Archive

Posts Tagged ‘Robert Lee Brewer’

Wordle Goes Down PA Street

August 8, 2012 Leave a comment

Yep, you guessed it. Poetic Asides took up the Wordle banner today. See my responses on Two Voices, One Song.

http://2voices1song.com/2012/08/08/poetic-asides-goes-wordle/

Enjoy and join in the fun. Try your hand at something new, or perhaps something put aside for too long.

A bientot,

Claudsy

Advertisements

PAD Finish Line Reached

April 30, 2012 6 comments
poem

poem (Photo credit: Wikipedia)

I reached the finish line today of this year’s annual Poem-A-Day Challenge, hosted by Robert Lee Brewer of Writer’s Digest’s Poetic Asides.

Three days spent out in the wilds of the north country near the Canadian border has advantages. The wilds had a cook shack with great food, live entertainment, plenty of friendly folk to keep a body moving and interacting, learning and taking away new experiences and perspectives. It also had nighttime freezing temps, daily sunshine, sprinkles when relaxation was needed, and a small-town parade with all the usual trimmings.

While out there on the high plateau, I kept thinking about poetry and what I’d take away from the Rendezvous that I could use later for either verse or prose. I’d met unique people with otherwise long-lost talents, children who could defend themselves without anger or cook over an open fire without complaint. I’d seen crafts that rivaled any in a museum anywhere. And best of all, I came home knowing that I will go back next year for a repeat.

The PAD challenge continued without me, but I’ve managed to put together something for each of the days missed. I hope you enjoy these small offerings and that you’ll continue to return to this blog after this challenge ends. I have a new, improved blog for the end of the week, with new pages to visit and things to see. Until then, daily posts will continue.

Now, on to poetry.

Day 27 Prompt: “The Trouble is (blank)” Fill in blank, make it the title, and write poem.

The Trouble is Time Bending

 

Arbitrary limits,

On something non-existent,

Takes no talent, no finess.

Limiting nothing takes

More than care,

Requiring belief

That increments from

One mind equal

Production possibilities.

How can seconds become

Minutes or hours, when

Only days/nights exist in time?

Does breathing count

As a measuring stick, or pulse,

When clocks don’t function?

© Claudette J. Young 2012

 

Day 28 Prompt: Write a problem poem.

What Price Time

 

Forcing life into minutes and hours,

Taking life from the living,

Becoming machines, wound up

For the pleasure of someone else.

Can we not function except to

Sweep hands and crystal faces?

Are we mindless with this labyrinth,

Marking existence with clicks and clangs?

© Claudette J. Young 2012

 

Day 29 Prompt: Take a favorite line from an earlier poem this month, and rework it into a new poem.

Prayers Danced in Circles

 

Call forth with drum and song

Answers from Creator’s hand.

Step lively in obedience,

Sing with heart’s voice to

Weave supplication upward

Toward Creator’s ear.

Circles with unending,

Beginning, revolving in circuit,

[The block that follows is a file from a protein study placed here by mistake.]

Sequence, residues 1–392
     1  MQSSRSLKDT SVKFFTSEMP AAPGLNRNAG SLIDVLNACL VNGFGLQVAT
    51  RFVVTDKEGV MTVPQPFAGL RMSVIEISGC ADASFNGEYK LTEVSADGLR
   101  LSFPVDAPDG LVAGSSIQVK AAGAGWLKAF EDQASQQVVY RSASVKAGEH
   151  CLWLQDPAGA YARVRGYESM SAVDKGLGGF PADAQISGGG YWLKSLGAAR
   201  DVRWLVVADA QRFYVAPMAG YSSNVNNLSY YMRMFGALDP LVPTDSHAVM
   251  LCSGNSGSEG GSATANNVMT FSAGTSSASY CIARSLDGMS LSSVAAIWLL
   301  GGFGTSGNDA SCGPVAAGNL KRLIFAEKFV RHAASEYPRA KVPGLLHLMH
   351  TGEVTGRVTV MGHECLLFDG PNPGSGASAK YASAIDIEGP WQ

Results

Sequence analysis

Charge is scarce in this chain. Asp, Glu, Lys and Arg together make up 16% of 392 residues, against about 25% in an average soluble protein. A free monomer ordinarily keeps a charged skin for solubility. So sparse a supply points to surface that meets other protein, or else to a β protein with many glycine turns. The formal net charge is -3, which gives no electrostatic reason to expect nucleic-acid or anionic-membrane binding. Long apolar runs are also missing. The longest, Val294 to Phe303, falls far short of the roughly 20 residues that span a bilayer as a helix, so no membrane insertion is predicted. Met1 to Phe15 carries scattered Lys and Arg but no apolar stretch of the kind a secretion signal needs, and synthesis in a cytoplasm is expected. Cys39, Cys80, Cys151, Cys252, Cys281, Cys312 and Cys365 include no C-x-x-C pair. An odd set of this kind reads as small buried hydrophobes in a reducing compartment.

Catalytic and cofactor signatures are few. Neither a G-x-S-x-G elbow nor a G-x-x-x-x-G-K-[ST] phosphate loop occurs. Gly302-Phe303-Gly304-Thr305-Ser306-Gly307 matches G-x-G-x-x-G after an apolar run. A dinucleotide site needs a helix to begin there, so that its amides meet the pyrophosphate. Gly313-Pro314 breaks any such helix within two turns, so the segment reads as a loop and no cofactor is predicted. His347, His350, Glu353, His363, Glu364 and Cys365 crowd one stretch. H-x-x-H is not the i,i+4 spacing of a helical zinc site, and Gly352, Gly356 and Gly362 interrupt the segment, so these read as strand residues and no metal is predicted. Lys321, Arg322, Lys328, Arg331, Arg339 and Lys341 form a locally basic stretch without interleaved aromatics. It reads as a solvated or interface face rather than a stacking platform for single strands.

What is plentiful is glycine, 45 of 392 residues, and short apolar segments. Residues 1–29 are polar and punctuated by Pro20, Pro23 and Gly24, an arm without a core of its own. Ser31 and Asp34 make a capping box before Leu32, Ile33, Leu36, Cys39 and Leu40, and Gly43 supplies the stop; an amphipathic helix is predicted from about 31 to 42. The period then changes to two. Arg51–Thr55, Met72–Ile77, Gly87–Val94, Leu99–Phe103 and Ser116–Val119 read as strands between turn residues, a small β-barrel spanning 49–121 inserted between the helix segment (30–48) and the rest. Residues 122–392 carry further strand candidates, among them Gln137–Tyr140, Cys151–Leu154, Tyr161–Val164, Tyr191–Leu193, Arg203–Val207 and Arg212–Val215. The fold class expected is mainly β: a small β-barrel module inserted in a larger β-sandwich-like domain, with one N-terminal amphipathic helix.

To define all life as one,

Connected and connecting.

Such is Earth, Water, Fire, and Air—

Each touching each, depending,

Giving, moving forward as willed,

Calling singers, dancers to moving circles,

Calling forth prayers to the heavens.

© Claudette J. Young 2012

 

Day 30 Prompt: Write a take-away poem. Open interpretation.

Too Long, Too Short

 

Thirty days hath April,

Poems coming still,

A challenge for all.

Nothing too small

To contribute in word

Thoughts, noun or verb.

Is thirty days too long, too short,

For birthing poems for sport?

Should we make this habit,

A daily ritual, or run as rabbit?

© Claudette J. Young 2012

 

 

Senedipity and Friends

April 20, 2012 8 comments

Robert Frost, "The Road Not Taken", ...

Serendipity waves her wand across our lives on a regular basis, whether we realize it or not. I read Robert Lee Brewer’s Poetic Asides writing prompt this morning and thought, “Yep, I can do that one and had a title immediately.”

It wasn’t an original title; so few really are original. On fill-in-the-blank prompts, Muse either slips you filler quickly or not. I took an unconscious page from my old IBM days and did an “if, then else” statement in my head after I wrote the title. **For those unfamiliar with old programming code, an “if, then else” statement is one which is a prompt in itself. “If X happens, then what will happen next. If X does not happen, the what will happen next.”

For Robert’s Day 20 Prompt—Use “Let’s (blank)” as title. Fill-in the blank with word/phrase, use as title, and write the poem to it, my mind went to an old roommate back in the seventies and how things went from there. I called it–

 

Let’s Dance the Night Away

 

Two AM call caught us finally sitting,

A pair of disco addicts who came each night

To crowd a small floor, meet with friends

And laugh with others in new steps.

 

You faded from my life not long after,

A need that required distance to perform

Without recriminations or ever-afters,

A fact you could never appreciate.

 

Two to tango was never the real problem,

Though taking advantage was your forte,

For a con man needs only a woman’s faith,

Never was my enjoyment at issue.

 

Frankly I outgrew your need to mooch and moan;